Overcoming the challenges of mixed ultimate as a female leader

Simone Saldanha
Aug 9, 2019 · 5 min read

By Kiana Hu

Photo by Ron Sellers

The end of sophomore year in high school usually means the beginning of SATs, college apps, and stress. For me, it also meant the end of my P.E. requirement and an anxious realization that I needed to start getting exercise on my own, causing me to reluctantly join my school’s ultimate frisbee team.

Everything after that happened in a blur. The team, a combination of my good friends and cool people that I wanted to get to know, motivated me to go to every practice, work hard, and improve. Even when I got shin splints, I continued to show up, ultimately only missing two required practices the entire season.

It was no secret that I had fallen in love with the sport. At the end of my junior year, the previous captains named me and our only veteran player (2 years of experience) as captains. I had qualms, of course. I wasn’t nearly the fastest or most athletic or most experienced player. But I was up for the challenge, thinking that my passion for the team and ultimate would guide me through this leadership position.

Senior year rolled around, and we got started on the first day of school with a team meeting, which was surprisingly packed with people. My team was pretty small, and many of our experienced players had graduated. I understood it was going to be a rebuilding year; what I had not expected was that our previous coach was no longer able to come to our bi-weekly practices. Effectively, my co-captain and I would have to take on the role of a player, captain, and coach at our practices, which at times became overwhelming. I often felt like I had little authority over a team that was mainly guys (I am one of two girls on our team of around twenty) due to my lack of experience.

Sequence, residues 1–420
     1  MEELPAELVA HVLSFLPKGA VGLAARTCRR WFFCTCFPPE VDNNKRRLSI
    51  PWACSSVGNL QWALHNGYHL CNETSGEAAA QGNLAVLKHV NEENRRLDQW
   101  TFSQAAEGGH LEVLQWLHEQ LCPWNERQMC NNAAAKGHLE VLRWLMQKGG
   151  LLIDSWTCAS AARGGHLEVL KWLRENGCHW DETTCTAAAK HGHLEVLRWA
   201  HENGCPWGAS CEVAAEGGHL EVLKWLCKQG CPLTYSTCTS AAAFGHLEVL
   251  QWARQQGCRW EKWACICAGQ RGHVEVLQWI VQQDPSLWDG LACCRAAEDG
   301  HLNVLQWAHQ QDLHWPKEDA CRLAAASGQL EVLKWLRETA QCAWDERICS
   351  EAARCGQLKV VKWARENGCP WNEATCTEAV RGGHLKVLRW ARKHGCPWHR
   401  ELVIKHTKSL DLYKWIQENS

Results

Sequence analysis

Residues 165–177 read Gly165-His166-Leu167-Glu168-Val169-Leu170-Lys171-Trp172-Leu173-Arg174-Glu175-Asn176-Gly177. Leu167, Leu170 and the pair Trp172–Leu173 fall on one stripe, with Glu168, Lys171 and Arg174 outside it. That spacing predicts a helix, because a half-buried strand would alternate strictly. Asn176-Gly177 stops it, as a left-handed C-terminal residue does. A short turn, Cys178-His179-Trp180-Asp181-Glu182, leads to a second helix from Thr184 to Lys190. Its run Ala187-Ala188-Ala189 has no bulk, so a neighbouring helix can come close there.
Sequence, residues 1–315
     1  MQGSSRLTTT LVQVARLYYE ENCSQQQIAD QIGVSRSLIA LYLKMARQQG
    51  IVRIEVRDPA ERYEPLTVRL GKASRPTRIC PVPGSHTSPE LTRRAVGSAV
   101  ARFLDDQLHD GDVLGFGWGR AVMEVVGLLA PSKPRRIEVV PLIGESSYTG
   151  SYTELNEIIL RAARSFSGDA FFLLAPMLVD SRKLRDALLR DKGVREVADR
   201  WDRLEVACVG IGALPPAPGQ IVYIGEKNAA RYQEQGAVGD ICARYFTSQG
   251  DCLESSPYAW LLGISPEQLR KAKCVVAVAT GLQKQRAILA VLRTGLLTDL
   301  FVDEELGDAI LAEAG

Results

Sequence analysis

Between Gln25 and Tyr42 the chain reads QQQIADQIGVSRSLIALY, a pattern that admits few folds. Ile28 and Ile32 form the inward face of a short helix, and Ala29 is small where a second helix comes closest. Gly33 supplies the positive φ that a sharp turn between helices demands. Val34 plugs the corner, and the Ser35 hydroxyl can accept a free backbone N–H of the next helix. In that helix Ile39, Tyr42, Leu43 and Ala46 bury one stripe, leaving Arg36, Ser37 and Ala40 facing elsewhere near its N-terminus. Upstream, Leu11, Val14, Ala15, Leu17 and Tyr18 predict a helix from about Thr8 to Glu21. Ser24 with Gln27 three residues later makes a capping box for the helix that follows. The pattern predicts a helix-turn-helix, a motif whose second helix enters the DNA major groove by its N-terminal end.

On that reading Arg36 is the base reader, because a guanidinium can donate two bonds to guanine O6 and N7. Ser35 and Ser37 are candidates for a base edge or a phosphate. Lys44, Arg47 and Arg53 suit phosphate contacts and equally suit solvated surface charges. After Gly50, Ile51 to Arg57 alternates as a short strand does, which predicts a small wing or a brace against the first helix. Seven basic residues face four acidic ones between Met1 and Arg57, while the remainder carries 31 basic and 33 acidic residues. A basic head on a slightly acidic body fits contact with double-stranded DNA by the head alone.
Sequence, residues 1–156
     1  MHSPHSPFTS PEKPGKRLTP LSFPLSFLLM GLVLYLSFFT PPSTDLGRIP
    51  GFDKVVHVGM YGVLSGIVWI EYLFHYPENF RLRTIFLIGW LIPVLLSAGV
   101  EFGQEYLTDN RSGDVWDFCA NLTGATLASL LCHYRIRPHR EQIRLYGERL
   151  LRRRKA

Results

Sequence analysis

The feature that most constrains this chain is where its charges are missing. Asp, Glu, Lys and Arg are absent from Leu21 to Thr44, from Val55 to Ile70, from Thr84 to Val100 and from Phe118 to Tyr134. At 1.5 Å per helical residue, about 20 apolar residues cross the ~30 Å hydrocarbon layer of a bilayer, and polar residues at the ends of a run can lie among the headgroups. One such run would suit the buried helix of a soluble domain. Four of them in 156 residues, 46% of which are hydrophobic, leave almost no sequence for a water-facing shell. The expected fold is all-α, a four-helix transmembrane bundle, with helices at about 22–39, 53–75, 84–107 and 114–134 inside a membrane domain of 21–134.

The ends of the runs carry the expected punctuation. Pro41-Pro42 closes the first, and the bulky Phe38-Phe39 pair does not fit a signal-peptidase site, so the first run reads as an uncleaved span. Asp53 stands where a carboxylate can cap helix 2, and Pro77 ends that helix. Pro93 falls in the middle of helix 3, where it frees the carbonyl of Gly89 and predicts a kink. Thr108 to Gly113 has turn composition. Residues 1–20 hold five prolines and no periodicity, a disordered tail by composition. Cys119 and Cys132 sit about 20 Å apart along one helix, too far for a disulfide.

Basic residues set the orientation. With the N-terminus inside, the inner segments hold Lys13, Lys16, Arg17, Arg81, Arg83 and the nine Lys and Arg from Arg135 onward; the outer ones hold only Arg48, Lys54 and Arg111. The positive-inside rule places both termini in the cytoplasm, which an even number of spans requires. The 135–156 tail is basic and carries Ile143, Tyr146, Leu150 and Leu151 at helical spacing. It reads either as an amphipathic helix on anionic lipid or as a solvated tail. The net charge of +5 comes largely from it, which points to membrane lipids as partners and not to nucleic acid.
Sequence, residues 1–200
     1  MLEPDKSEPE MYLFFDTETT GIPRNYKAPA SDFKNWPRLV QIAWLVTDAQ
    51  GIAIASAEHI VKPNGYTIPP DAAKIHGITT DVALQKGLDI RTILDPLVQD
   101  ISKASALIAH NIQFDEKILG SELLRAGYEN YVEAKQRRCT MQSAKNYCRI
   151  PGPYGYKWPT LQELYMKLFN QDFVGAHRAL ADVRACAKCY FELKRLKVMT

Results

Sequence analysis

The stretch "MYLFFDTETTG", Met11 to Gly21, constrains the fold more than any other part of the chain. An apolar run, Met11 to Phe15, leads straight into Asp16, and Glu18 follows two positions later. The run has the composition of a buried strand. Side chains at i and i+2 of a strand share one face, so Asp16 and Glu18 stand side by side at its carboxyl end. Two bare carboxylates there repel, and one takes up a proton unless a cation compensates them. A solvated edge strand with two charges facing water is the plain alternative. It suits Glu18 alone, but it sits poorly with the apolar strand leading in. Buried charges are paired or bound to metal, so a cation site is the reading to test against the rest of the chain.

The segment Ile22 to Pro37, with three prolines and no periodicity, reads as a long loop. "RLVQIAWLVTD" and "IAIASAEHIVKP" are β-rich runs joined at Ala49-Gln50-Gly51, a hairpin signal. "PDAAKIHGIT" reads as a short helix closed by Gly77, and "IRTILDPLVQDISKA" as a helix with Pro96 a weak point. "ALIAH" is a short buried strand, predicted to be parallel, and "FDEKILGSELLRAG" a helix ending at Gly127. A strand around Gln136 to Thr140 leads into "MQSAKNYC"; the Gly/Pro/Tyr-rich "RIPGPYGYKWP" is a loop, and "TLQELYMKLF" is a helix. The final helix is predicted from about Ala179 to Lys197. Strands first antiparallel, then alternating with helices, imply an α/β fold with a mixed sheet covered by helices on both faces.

Realizing that I probably wasn’t the only one in a similar position, I decided to reach out to other co-ed and mixed captains.

I interviewed two high school seniors and a club team captain: Cara Burks, captain of Gunn Control and Helena Tremblay, captain of EC HUC Mixed (El Cerrito High Ultimate Club); and Briana “Bree” Cahn, captain of Blackbird. I hoped that through talking with other female captains of mixed-gender teams, I would have a better understanding of not only the challenges we faced but also how we could overcome some of them.

The glaring commonality among all the captains was that they were the only female in leadership. Helena has two male co-captains, and Bree is in a leadership group of three other men. Each recognized the importance of their voice in their respective positions.

“I was the only female leadership for most of the year and I felt that I was setting the standard for how the boys would view all female players,” Cara said. “That’s a lot of pressure on one high schooler.”

These three captains all faced additional challenges that varied with the circumstances. Helena attends a different high school than most of her teammates and had only played for two years before the mixed season started. Bree faced the common hurdle of trying to improve the unequal playing time and looking off women on a mixed team, noticing that “our status quo is to put trust and faith in men,” even when there are strong female players present. Cara’s internal struggle with mental health issues and bipolar disorder caused her to become uncertain about her ability to lead on top of worries that her male teammates didn’t respect her.

A lot of it comes down to the “extra” gap we have to fill simply because we are female leaders on the team. We aren’t necessarily the most skilled. We aren’t always faster or stronger than our male teammates. We may lack the same authority. We have added expectations and a more influential image to think about. Piled on top of this are the daily stresses of life, a desire to promote more equal playing time and empower other female players, and oftentimes physical and mental health issues.